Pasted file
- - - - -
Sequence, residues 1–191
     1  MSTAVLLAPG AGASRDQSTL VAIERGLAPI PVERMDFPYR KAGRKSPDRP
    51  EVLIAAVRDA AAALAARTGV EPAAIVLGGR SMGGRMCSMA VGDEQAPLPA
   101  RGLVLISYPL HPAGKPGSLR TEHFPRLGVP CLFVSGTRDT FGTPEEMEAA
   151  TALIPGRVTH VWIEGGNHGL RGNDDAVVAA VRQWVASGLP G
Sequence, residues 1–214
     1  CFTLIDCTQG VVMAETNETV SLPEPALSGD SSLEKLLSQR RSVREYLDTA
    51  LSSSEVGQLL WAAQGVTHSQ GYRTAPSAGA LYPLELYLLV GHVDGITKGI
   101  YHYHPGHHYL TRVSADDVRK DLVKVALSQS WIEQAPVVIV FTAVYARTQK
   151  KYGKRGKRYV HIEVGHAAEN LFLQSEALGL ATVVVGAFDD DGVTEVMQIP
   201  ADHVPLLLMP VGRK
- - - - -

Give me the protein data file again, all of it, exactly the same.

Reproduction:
Sequence, residues 1–191
     1  MSTAVLLAPG AGASRDQSTL VAIERGLAPI PVERMDFPYR KAGRKSPDRP
    51  EVLIAAVRDA AAALAARTGV EPAAIVLGGR SMGGRMCSMA VGDEQAPLPA
   101  RGLVLISYPL HPAGKPGSLR TEHFPRLGVP CLFVSGTRDT FGTPEEMEAA
   151  TALIPGRVTH VWIEGGNHGL RGNDDAVVAA VRQWVASGLP G
Sequence, residues 1–214
     1  CFTLIDCTQG VVMAETNETV SLPEPALSGD SSLEKLLSQR RSVREYLDTA
    51  LSSSEVGQLL WAAQGVTHSQ GYRTAPSAGA LYPLELYLLV GHVDGITKGI
   101  YHYHPGHHYL TRVSADDVRK DLVKVALSQS WIEQAPVVIV FTAVYARTQK
   151  KYGKRGKRYV HIEVGHAAEN LFLQSEALGL ATVVVGAFDD DGVTEVMQIP
   201  ADHVPLLLMP VGRK